V For Vendetta stood out among its fellow Alan Moore adaptations League of Extraordinary Gentlemen, Constantine, From Hell and Watchmen as clearly the best of the bunch, and the one most likely to have a lasting impact on popular entertainment. Years after the film was released, for instance, you can still walk into a costume shop and get V for Vendetta-branded costumes. Want to try that with LXG?
It also brought Moore's work into the mainstream outside of comics in a big way and set the stage for things like Occupy Wall Street and Anonymous adopting the Guy Fawkes mask.
Featuring the best use of comic book tropes onscreen in the history of filmmaking, Sin City's ultra-violent, ultra-stylized look and feel made it an immediate cult sensation and brought moviegoers into the bookstores hoping to get a deeper look into Frank Miller's mad genius.
Directed by Miller and El Mariachi maestro Robert Rodriguez, and featuring uniformly amazing performances by its large cast, Sin City pushed at the boundaries of how a comic book film is perceived. Stark, smart and sexy, Sin City is the kind of film that could have found a life for itself relying on the story and acting alone, but the way they integrated Frank Miller's work into the film took it to the next level.
With a sequel coming up next year, the real question of Sin City will be whether the second film will taint the first one in any way. As a follow-up to one of the great comic book adaptations of all time, it faces a number of challenges: neither Miller or Rodriguez are performing at the level today that they were in 2005, when the first film happened; and while the first movie came as something of a bolt out of the blue, the second will be not only anticipated but will be met with expectations by a large audience that may be difficult to meet.
In the days after the film's release, my first thought was that this was the most fun I'd ever had in a comic book movie. That might still be true, and it might--if this were my personal list--even be a "best comic book movie ever." There was a temptation to rewrite this list in the moment, crowning Dredd the #1 of something because I was in love, but I held off, knowing that sometimes you can get out of a movie and think "that was the greatest thing I've ever seen," only to discover it doesn't hold up on second viewing, or doesn't hold up on home video without an enthusiastic crowd, or..., or..., or.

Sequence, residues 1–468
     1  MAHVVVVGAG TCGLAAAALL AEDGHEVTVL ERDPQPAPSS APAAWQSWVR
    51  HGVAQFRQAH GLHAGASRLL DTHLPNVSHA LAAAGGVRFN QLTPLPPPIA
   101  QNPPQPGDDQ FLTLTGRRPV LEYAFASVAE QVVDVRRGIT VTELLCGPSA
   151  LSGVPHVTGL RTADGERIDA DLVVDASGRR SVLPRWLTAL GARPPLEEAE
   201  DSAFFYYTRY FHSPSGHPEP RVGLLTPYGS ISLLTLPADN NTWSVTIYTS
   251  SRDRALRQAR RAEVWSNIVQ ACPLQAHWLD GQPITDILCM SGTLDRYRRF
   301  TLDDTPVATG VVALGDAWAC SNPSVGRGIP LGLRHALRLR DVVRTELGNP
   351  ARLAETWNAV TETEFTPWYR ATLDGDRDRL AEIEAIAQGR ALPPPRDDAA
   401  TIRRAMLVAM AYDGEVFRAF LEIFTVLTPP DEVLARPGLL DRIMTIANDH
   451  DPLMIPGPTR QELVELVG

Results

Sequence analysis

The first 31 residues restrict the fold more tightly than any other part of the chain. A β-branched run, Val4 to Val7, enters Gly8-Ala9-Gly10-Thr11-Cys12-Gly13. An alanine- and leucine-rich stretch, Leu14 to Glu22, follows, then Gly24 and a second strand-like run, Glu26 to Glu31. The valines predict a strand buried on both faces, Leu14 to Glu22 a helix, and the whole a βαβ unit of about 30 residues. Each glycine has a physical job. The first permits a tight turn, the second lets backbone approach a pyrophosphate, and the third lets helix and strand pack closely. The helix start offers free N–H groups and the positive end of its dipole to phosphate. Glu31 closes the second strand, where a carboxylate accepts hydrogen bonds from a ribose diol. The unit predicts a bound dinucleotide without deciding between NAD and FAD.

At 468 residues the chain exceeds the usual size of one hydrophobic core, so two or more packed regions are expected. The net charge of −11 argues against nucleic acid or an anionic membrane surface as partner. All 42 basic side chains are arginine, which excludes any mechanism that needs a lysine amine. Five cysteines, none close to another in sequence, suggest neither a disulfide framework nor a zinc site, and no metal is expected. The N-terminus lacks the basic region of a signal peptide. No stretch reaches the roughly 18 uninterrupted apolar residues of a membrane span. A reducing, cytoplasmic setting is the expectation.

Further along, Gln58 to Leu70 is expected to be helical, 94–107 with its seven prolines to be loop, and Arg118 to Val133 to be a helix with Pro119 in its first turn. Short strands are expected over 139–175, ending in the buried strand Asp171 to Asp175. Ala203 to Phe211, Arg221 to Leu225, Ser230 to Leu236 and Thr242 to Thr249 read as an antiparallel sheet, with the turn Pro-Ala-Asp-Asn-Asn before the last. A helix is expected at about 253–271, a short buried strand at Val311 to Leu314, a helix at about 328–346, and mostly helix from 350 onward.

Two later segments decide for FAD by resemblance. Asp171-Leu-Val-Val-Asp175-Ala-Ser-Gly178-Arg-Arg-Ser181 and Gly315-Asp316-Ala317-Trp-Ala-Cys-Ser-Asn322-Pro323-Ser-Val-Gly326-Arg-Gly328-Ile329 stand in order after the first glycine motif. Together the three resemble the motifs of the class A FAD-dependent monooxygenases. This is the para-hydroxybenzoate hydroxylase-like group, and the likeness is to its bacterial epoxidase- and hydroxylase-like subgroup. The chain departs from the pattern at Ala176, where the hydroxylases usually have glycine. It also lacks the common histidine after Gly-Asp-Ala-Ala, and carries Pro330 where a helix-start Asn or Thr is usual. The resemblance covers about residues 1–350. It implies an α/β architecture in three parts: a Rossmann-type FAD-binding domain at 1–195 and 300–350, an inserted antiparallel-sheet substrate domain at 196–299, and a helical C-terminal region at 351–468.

Not so with Dredd. The performances are absolutely top-notch, with Karl Urban completely disappearing into the role, and not just because he did the right thing and refused to take off the helmet. Lena Headey is a great villain, both more powerful and more believable than she was as the King's wife in 300 (a role she'll reprise next year), only to be outdone in the "bad-ass pretty lady" department by Olivia Thirlby, who was so good, and whose character was so compelling, she would have stolen the show from just about anybody but Urban.
It was also beautifully shot. It looked like a massive film, like something done on a budget two or three times what it was made for. There were a few scenes where the visuals were a bit underwhelming, and it draws some unfavorable comparisons to The Raid since the structure is so similar, but really, it was a movie that made you wonder why Travis wasn't fielding the biggest job offers in the business and what the heck other directors DO with all that money.
This movie is a cult classic, and it's the kind of film that deserves a sequel. Urban and the fans are still working on making that happen, but even if it doesn't get one, those who love it will at least know that a great movie without a sequel is better than getting a Speed 2 or Batman & Robin.
Oh, and this movie just became available on Netflix Instant! Enjoy!